She defines comfort as having the money to see a doctor if she is sick or to fly home at short notice to her parents in Adelaide. But often those desires compete with costs such as a $5000 credit card bill, $120 a month in private health insurance, $50 in capped mobile calls and $130 for a computer under a rent-to-buy scheme. Overseas trips to Italy, Japan and Bali tallied up to about $20,000 but were worth the expense, she reckons.
“My share house is kitted out like a home with all the usuals, including a lounge and a TV, but I don’t own all of it,” she says. “Growing up, I remember that mum and dad had the same lounge suite for years and years, until they had saved up to buy a new one. Now it seems we can have the best straight away. Personally, I think we’re accumulating a lot more things and needing a lot more things, before we can afford to pay for them.”
Clive Hamilton, executive director of The Australia Institute and co-author of Affluenza: When Too Much is Never Enough, once polled Australians on whether they could afford to buy everything they really needed. Sixty-two per cent of people said they came up short, including, astonishingly, 50 per cent of households on about $100,000 a year.
“On the face of it, you would think that as we become wealthier and can satisfy more of our needs, then this will liberate us to focus on non-financial, non-economic things. But, in fact, the opposite has happened – the richer we have become the more preoccupied we have become with money and material things, and rather than closing the gap is increasing, and so we feel dissatisfied,” he says.
“Quite frankly, when I hear people complaining about how hard they’re doing because they’re putting three kids through private schools, well, why should I be sympathetic about that? It’s like complaining about petrol prices because you’ve got to maintain three Jaguars.”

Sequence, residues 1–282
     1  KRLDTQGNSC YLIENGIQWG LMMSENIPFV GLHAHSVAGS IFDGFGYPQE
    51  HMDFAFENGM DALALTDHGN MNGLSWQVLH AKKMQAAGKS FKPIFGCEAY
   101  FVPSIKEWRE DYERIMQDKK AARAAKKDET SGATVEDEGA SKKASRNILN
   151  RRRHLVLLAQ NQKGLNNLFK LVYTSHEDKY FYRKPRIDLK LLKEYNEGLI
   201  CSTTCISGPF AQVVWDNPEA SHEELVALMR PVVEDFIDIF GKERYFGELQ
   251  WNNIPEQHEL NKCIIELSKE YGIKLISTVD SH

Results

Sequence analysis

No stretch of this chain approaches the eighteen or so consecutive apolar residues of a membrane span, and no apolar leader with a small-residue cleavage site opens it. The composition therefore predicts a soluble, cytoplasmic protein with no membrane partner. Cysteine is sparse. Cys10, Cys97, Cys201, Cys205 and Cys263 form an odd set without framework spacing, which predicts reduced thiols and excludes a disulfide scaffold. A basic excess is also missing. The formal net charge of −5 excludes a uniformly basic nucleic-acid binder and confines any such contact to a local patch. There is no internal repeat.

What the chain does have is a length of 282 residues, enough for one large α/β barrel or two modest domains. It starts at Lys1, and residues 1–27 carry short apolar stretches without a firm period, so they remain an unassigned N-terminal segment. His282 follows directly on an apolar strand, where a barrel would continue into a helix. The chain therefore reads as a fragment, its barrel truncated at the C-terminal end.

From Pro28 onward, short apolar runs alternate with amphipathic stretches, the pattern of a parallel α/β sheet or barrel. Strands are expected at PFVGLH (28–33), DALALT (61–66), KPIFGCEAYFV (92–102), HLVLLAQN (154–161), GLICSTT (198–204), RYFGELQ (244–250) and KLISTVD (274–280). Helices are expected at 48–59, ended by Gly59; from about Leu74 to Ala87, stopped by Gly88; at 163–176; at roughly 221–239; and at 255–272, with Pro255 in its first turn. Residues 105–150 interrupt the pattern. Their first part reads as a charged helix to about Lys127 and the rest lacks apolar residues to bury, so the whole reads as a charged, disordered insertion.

Studies have shown that as people become wealthier the perception of what they need to live a reasonably comfortable life goes up by even more. Ten pairs of heels at $50,000 might become 50 pairs at $100,000 and 100 at $150,000, along with the new Range Rover and the private schools and extra ensuite.
Cummins says that once household income tips above $100,000 a year, money starts to lose its shine. “People have the wrong idea of what money can do for them. If you already have enough to eat, you have reasonable clothes and so on, then upping the ante by buying luxury items is really a very inefficient way and a very short-term way of increasing happiness,” he says.
He regularly surveys Australians and plots their happiness levels on the Australian Unity Wellbeing Index. He found that families with a household income of less than $15,000 can improve their sense of wellbeing by earning only an additional $7000. For households on between $150,000 and $250,000, that extra slice of happiness requires a whopping $625,000.
Melburnians, he says, are a reasonably happy lot overall. But the best way to feel comfortable about life is not tied to earning $150,000 a year. “People need a good, intimate relationship with someone you can talk to at the end of the day, if only to whinge about how little money you have,” he says. “If you’ve got that sort of person in your life, then chances are you are doing well in the happiness stakes.”